Thoroughbred Racing in the “City by the Bay”

Oakdale Race Track in Mobile, Alabama. c. early 1900s.

When most folks think of Thoroughbred racing in the nineteenth and early twentieth centuries in the Deep South, one city usually comes to mind—New Orleans. However, another city on the Gulf Coast shared equal popularity during this era—the “City by the Bay,” that is, Mobile, Alabama.

While New Orleans had its Metairie Race Track and the Fairgrounds (the nation’s third oldest track still in business), Mobile had the Bascombe, Arlington Fairgrounds, and Oakdale race courses.

Bascombe Race Course. In the American Turf Register and Sporting Magazine, a popular magazine in the antebellum era, Bascombe’s 1838 racing schedule is listed, along with the names of the various horses competing, the days when different races will be held, the purse for the winner, and so on. These were the races the publication had omitted in an earlier issue. In 1860, the course was used as an encampment for volunteer troops called “Camp Montgomery.” Nowadays, Mobile uses it to train its Mounted Police Unit.

Arlington Fairgrounds. This track was located near the Bascombe Course, on a road that followed along the Mobile Bay southward for seven miles. Called the Bay Shell Road at the time, it was paved with oyster shells and to travel on it one had to pay a toll. Arlington’s track began around the 1870s, and its use for racing continued into the early twentieth century.

Oakdale. A track in this community was also in use at the turn of the twentieth century. Some local historians consider this one to have been Mobile’s best.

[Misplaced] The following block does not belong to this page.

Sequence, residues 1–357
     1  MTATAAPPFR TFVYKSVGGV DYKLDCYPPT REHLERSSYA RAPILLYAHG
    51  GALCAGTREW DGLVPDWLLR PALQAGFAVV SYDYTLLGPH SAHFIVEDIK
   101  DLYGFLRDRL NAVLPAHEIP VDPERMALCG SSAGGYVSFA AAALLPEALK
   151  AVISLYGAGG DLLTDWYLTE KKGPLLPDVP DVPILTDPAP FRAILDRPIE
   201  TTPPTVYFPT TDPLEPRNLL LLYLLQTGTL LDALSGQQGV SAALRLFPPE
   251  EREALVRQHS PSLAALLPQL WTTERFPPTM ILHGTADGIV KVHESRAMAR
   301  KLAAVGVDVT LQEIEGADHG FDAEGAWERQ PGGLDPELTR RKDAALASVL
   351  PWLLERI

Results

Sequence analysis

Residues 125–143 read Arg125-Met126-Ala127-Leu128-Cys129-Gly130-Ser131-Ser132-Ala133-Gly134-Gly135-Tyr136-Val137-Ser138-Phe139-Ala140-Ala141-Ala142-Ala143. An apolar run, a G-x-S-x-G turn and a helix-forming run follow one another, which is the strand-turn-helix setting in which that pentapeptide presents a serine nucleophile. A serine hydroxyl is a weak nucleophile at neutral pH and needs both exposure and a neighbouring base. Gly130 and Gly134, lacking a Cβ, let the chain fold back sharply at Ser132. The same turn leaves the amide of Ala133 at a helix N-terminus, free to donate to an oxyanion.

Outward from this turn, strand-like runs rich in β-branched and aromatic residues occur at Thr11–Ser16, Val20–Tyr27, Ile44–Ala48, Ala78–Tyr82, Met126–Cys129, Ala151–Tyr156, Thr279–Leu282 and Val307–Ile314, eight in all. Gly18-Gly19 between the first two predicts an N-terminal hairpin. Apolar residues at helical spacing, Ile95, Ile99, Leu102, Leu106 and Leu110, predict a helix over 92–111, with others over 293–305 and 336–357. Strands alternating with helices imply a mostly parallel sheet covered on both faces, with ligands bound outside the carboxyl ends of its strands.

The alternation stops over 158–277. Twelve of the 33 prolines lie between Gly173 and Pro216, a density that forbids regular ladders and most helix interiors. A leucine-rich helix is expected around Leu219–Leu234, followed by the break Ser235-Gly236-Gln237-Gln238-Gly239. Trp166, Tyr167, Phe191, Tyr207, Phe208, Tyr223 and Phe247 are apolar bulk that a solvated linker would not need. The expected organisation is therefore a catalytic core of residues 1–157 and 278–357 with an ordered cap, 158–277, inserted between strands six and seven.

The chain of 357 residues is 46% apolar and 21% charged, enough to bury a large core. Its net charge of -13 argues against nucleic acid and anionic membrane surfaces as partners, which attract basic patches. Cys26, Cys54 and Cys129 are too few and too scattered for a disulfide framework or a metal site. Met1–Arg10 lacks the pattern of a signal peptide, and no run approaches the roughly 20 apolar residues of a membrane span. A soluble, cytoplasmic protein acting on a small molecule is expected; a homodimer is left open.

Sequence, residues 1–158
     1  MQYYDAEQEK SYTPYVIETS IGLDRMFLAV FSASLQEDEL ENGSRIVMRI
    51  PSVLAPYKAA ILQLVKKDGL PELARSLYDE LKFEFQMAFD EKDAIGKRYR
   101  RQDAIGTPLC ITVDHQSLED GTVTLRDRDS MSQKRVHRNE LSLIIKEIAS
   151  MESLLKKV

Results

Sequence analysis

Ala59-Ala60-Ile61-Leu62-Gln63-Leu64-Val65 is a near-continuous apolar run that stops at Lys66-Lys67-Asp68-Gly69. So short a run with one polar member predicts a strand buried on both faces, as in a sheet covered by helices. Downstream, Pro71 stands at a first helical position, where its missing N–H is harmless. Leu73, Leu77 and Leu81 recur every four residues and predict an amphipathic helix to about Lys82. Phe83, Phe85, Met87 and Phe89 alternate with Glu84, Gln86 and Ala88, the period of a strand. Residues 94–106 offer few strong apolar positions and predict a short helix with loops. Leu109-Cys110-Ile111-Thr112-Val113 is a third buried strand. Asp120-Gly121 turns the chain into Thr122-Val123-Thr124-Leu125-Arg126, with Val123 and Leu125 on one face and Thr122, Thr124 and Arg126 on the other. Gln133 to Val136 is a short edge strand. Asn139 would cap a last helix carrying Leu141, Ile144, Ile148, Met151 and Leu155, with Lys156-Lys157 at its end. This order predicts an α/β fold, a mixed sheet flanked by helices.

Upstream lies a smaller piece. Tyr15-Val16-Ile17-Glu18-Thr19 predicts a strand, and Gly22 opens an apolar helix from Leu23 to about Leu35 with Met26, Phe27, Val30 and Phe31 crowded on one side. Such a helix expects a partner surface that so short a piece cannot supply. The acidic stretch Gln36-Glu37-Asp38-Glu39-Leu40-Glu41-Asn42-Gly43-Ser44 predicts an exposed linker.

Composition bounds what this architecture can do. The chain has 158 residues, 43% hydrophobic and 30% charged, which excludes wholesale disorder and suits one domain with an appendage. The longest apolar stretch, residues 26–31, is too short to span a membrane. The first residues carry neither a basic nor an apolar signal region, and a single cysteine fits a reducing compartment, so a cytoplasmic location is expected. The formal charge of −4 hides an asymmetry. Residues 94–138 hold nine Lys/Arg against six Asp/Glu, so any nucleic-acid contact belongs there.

In my novel-in-progress, I use a fictional track in Spring Hill, Alabama, west of Mobile. During the antebellum era, Spring Hill was a late spring and summer refuge from yellow fever for many of Mobile’s wealthy citizens.

Bibliography

“Camp Montgomery,” Alabama Historical Quarterly 20, no. 2 (1958): 293

“Fairgrounds History Remembered in New Documentary,” Mid-City Messenger, November 18, 2014,https://midcitymessenger.com/2014/11/18/fair-grounds-history-remembered-in-new-documentary/.

“Horsing Around,” Mobile Bay Magazine 37, no. 4(2021):82.

McLaurin, Melton and Michael Thomason. Mobile: The Life and Times of a Great Southern City.  Woodland Hills, CA, 1981.

“Omissions in the Racing Calendar,” American and Turf Register and Sporting Magazine 10 (January and February, 1839): 94.

Preston, Ben C. “Mobile Alabama Nostalgia Back in the Day,” Facebook, December 23. 2016, https://www.facebook.com/groups/MobileNostalgia.

Scott, Mike. “From Horses to Corpses: How Metairie Race Course Became Metairie Cemetery,” The Times Picayune, April 12, 2017; Updated July 22, 2019https://www.nola.com/300/article_4d8f567b-5039-5e52-88b7-9e6a4331925a.html

The Great Post Stakes Race, Lecomte’s Revenge, Part Four

Photo by Tobi on Pexels.com

After Lexington won the Great Post Stakes his owner, Richard Ten Broeck and Lecomte’s owner, Thomas Jefferson Wells, had a rematch. Instead of racing each other, however, they agreed that their horses would race against the clock for four miles.

Riding Lecomte: Abe Hawkins, whom Wells obtained from Abe’s owner, Duncan Kenner.

Riding Lexington: a famous white jockey named Gilbert Kilpatrick

Race Date: April, 1855

Place: Metairie Race Course, New Orleans, Louisiana

Course conditions: dry

 Grandstands: about 10,000 spectators

When the timekeepers nodded “ready,” the starter lowered his flag, and Lecomte and Lexington galloped down the track, their hoofs thundering amidst cheers.  

Lecomte, sweating hard and breathing hard, surged ahead as Abe, fierce competitor that he was, urged him on. Wider and wider the distance between the horses stretched, Lecomte constantly in the lead till he defeated Lexington by six lengths and set a world record: seven minutes and twenty-five seconds.

Upon hearing this time announced, clapping and hurrahs rocked the grandstands. Everyone, it seemed, had gone wild.

All wasn’t lost for Lexington yet. He had one more heat. But Abe galloped Lecomte into racing history when he won it as well. Though jockeys who were slaves were seldom referred to by name, such wasn’t the case with Abe. Everyone involved in racing in this era now knew him. As for Lecomte, every January at the Fair Grounds Race Track in New Orleans a race is held in his memory—the Lecomte Stakes.

Lecomte and Lexington, half-brothers who shared the same sire, became the greatest Thoroughbreds of their era.

Sources